I have to be really flexible with my job, and I want to be because people walk in, or the faculty and staff have things going on. I need to sign things. I might need to make a decision really quickly to help someone out. My calendar often looks like it’s pretty open, but it’s not, because often times I’m in here answering email and making decisions, and sometimes I’m out. That’s how I try to manage my time.
It’s very different than trying to say, “Alright, I’m going to spend two hours on this, and two hours on that,” because things come up in the middle of the day.
Sometimes I’ll put something on my desk to do the night before, and I won’t even look at it all day, because I’ll come in and see it but there’ll be an email or a phone call or something from the staff.
So I think in order to be effective at my job I have to be flexible.
When you were more focused on field research, how did you balance long periods in the field with your personal life?
That’s a really good question. After I became a faculty member I was rarely in the field for long periods of time. The longest time would be a few days. Then, as I became more engaged and when I was teaching, less.
I think the balance is really important in your life for sure, but I would also say that at the beginning, when I was in graduate school, my PhD fieldwork was a solid 24 months. That balance started to take shape when I came back to campus and would just go to the field periodically.
Once I had kids, I was home most nights. That was really important for us as a family. But by then my graduate students were doing the fieldwork, so it just went to the next generation. They need that work, they need that training to go on in their careers. The times I went in the field with them it was for the fun stuff, not the drudgery that might take months and months.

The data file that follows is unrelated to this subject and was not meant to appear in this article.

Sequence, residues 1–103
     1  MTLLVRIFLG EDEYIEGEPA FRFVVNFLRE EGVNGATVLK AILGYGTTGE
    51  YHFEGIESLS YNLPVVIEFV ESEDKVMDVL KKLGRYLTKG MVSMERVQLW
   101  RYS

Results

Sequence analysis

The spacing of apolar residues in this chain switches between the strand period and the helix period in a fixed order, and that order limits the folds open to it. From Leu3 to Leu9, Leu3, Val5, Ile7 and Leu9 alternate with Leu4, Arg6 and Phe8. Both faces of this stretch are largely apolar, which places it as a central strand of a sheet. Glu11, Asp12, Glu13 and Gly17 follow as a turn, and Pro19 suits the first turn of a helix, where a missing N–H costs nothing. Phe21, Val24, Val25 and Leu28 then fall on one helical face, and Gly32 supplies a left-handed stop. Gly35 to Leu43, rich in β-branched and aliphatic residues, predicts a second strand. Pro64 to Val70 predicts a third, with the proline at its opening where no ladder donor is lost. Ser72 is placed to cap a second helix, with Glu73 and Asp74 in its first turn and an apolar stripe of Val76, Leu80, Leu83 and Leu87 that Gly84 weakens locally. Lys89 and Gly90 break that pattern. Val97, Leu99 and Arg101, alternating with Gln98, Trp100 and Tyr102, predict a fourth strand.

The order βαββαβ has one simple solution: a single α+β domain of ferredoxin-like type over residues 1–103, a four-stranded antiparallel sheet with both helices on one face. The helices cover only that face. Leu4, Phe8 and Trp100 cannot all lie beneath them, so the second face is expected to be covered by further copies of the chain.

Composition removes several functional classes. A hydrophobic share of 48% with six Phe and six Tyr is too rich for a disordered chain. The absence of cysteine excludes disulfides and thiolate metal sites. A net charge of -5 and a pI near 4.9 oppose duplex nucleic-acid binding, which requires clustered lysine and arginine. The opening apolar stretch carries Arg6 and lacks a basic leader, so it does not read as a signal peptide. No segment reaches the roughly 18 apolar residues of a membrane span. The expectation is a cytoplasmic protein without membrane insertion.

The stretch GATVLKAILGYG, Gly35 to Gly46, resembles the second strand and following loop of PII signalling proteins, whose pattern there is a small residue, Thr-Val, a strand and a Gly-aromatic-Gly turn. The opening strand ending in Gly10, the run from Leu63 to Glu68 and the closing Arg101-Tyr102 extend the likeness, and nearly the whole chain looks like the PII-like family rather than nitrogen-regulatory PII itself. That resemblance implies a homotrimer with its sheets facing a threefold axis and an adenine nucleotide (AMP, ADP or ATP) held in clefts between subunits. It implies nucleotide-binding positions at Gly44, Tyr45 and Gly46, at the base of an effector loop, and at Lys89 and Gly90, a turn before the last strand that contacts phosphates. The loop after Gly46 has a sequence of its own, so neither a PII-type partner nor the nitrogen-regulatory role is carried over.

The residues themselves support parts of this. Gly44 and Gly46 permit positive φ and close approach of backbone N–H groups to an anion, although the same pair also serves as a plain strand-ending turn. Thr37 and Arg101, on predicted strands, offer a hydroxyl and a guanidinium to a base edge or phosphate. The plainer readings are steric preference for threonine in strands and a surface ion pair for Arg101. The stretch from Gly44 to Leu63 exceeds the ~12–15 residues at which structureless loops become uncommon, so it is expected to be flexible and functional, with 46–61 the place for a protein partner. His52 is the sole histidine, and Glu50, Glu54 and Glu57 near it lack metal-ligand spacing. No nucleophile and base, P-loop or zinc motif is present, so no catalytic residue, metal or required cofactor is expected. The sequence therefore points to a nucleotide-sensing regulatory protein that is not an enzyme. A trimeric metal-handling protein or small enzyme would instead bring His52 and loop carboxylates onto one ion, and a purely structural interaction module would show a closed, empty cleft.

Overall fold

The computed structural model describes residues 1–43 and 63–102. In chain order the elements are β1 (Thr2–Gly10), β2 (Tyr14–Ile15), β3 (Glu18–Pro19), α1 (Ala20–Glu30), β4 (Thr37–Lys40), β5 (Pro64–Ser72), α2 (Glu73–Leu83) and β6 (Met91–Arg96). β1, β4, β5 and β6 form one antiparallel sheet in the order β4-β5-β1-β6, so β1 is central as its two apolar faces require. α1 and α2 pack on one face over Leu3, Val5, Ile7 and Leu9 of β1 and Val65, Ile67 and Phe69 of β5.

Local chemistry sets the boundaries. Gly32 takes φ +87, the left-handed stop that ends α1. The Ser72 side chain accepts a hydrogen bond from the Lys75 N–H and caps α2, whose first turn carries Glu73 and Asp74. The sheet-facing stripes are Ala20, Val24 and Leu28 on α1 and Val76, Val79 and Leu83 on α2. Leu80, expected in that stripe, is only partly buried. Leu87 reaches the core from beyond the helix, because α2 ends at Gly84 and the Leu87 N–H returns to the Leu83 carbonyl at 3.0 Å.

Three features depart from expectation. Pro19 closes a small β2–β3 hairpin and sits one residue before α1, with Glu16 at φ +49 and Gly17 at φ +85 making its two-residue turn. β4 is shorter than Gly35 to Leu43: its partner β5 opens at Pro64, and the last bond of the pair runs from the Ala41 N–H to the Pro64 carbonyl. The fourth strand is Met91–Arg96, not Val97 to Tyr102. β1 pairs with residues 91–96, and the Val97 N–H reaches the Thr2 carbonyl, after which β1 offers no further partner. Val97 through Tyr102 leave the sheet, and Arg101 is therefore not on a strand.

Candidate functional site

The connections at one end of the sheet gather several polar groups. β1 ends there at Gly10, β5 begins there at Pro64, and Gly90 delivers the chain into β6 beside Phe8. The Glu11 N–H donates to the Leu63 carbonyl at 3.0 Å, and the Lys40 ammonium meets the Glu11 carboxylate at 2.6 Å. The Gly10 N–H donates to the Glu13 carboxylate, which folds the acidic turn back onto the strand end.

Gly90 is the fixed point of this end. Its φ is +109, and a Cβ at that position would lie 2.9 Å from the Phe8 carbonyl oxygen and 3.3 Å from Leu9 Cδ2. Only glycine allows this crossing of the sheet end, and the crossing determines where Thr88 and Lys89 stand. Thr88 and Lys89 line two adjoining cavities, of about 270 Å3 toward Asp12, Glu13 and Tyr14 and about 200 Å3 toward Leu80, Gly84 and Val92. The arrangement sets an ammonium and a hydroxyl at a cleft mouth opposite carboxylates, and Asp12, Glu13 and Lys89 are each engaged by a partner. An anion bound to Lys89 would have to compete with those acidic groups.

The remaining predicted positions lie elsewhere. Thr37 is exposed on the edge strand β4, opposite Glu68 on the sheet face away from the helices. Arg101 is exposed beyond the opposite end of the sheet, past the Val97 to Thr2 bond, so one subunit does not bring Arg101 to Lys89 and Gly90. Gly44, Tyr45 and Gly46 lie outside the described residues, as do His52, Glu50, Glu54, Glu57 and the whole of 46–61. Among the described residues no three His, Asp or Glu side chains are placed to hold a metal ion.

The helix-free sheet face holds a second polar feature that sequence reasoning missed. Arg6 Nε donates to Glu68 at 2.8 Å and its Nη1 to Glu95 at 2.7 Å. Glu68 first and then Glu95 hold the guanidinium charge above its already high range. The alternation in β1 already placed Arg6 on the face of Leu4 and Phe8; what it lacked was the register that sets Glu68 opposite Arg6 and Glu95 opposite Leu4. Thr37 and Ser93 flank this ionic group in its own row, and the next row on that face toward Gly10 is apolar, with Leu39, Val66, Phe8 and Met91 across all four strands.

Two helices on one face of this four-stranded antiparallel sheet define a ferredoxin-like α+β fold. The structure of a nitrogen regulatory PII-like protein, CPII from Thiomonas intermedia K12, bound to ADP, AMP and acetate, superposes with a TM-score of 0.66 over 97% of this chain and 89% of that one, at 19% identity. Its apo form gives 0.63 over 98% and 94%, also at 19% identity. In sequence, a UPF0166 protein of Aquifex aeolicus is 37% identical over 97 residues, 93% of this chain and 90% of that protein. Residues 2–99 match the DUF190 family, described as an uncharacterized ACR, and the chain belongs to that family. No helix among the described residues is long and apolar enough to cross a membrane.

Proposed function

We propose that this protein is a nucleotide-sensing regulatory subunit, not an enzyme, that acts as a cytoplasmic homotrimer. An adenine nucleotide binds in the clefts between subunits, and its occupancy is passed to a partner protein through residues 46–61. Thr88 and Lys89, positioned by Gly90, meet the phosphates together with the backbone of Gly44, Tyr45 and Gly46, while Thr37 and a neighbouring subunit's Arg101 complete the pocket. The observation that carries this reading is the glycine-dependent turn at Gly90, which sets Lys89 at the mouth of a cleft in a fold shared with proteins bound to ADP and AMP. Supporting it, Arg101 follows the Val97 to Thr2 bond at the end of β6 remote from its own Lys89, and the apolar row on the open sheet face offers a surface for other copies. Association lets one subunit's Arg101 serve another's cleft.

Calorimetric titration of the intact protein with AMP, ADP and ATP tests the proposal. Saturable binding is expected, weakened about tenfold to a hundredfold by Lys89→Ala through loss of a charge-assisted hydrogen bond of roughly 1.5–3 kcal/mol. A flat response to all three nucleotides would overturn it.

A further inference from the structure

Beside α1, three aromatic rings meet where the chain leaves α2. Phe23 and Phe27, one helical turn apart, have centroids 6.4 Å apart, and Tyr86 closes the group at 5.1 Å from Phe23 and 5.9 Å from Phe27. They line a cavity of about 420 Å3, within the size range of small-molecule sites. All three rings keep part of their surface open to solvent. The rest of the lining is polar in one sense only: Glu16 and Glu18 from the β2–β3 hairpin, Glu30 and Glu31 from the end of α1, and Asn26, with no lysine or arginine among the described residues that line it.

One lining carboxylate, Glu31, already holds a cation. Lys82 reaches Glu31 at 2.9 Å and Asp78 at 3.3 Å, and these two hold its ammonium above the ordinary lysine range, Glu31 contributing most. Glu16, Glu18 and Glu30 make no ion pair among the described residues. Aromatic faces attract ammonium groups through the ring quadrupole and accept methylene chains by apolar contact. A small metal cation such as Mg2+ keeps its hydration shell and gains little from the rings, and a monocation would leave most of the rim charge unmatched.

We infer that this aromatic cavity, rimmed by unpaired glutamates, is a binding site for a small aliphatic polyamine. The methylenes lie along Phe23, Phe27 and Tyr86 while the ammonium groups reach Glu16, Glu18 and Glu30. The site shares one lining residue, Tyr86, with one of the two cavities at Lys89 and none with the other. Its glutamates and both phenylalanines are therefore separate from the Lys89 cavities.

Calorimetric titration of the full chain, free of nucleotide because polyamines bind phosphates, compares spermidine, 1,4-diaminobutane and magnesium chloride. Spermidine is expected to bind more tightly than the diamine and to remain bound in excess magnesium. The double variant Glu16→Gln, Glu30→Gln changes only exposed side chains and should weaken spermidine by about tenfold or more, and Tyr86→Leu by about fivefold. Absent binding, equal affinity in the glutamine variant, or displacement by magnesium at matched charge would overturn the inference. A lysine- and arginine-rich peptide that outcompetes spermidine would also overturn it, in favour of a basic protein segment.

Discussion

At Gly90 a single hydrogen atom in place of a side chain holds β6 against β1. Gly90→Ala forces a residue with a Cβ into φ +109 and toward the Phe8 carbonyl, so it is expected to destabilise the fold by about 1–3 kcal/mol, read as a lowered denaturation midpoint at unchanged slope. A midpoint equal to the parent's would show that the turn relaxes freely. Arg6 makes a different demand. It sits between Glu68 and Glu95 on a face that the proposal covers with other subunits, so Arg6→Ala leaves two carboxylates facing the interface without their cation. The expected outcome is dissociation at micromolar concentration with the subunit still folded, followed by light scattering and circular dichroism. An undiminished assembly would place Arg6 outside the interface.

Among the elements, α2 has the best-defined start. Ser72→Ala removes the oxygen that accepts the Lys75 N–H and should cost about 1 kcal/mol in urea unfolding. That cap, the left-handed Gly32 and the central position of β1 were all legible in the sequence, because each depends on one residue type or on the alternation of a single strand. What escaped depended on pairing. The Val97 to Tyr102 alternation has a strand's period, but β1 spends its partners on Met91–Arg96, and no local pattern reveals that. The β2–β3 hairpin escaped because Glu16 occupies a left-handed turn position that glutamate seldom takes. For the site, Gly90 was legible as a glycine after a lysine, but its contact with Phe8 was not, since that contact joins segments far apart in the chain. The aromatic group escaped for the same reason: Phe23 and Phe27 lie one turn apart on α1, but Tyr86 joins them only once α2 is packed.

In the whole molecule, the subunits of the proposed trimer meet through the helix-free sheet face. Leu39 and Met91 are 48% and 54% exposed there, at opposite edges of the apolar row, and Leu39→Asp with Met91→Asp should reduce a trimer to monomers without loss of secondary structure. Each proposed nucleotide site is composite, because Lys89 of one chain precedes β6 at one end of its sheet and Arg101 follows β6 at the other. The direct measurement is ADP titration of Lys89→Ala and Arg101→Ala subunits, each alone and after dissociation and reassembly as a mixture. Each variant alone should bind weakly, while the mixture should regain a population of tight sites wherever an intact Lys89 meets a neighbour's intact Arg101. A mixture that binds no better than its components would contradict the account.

So the key point here is that balance is really important, but at the beginning of your career you have to be able to work. Especially when you’re a graduate student and you’re focusing on one project primarily, because once you become a faculty member there other things on your time besides your fieldwork. You’ve got your teaching, you’ve got your family and other responsibilities.
What are you currently reading?
Usually I read fiction, but right now I’m reading a book called The Mortal Sea. The author is W. Jeffrey Bolster. It’s about what’s happened to the North Atlantic fisheries from when European colonists came over in the 1500’s, up until around 1900.
What’s interesting about it is the collapse of every fishery. Herring. Salmon, which were basically gone in the Atlantic by the early 1700’s. Sturgeon. Cod. Lobsters, which are really coming back. Cod are kind of coming back. This book is the story of all these depletions.
It’s crazy that even with their limited technology people back then were able to impact all those populations.
What would happen is they would deplete locally with their more primitive technologies, then they’d get better. They’d get purse trawling. Seines. So they went from just handlining, to longlining, to seining and trawling. There was this decline so they couldn’t catch fish anymore, then they’d get better technology to catch more fish, but they were basically going down a level, then up in catch, then down again.
Even by the 1900’s, it’s amazing.
Who else would you like to see answer these questions?
Oh, a bunch of faculty and graduate students.
Is there one piece of advice they would like to share with students who will read this interview?
Work hard. Reach out to faculty. Be positive. Everybody knows everybody nationwide in this field, so don’t burn any bridges.
This interview is by Rhett Barker, and has been lightly edited for clarity by Rhett Barker and Claire Williams.
Thanks to Dr. Eric Hellgren for sitting down with us.